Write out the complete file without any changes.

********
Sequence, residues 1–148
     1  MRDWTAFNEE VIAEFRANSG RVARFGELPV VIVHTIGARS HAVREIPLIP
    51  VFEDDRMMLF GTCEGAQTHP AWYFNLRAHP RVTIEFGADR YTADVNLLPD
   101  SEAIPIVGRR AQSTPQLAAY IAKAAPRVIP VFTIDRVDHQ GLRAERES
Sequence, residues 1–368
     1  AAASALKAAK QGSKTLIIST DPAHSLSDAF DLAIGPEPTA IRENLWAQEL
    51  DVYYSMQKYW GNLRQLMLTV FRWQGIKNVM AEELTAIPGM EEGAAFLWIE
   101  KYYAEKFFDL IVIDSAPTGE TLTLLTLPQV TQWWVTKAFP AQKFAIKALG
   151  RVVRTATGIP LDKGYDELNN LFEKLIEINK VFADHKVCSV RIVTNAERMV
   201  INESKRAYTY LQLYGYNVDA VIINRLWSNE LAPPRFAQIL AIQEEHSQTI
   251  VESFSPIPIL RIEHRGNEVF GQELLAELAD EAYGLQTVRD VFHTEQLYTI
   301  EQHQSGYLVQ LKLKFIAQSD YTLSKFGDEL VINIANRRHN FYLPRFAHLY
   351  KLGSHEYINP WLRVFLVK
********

Sequence, residues 1–148
     1  MRDWTAFNEE VIAEFRANSG RVARFGELPV VIVHTIGARS HAVREIPLIP
    51  VFEDDRMMLF GTCEGAQTHP AWYFNLRAHP RVTIEFGADR YTADVNLLPD
   101  SEAIPIVGRR AQSTPQLAAY IAKAAPRVIP VFTIDRVDHQ GLRAERES
Sequence, residues 1–368
     1  AAASALKAAK QGSKTLIIST DPAHSLSDAF DLAIGPEPTA IRENLWAQEL
    51  DVYYSMQKYW GNLRQLMLTV FRWQGIKNVM AEELTAIPGM EEGAAFLWIE
   101  KYYAEKFFDL IVIDSAPTGE TLTLLTLPQV TQWWVTKAFP AQKFAIKALG
   151  RVVRTATGIP LDKGYDELNN LFEKLIEINK VFADHKVCSV RIVTNAERMV
   201  INESKRAYTY LQLYGYNVDA VIINRLWSNE LAPPRFAQIL AIQEEHSQTI
   251  VESFSPIPIL RIEHRGNEVF GQELLAELAD EAYGLQTVRD VFHTEQLYTI
   301  EQHQSGYLVQ LKLKFIAQSD YTLSKFGDEL VINIANRRHN FYLPRFAHLY
   351  KLGSHEYINP WLRVFLVK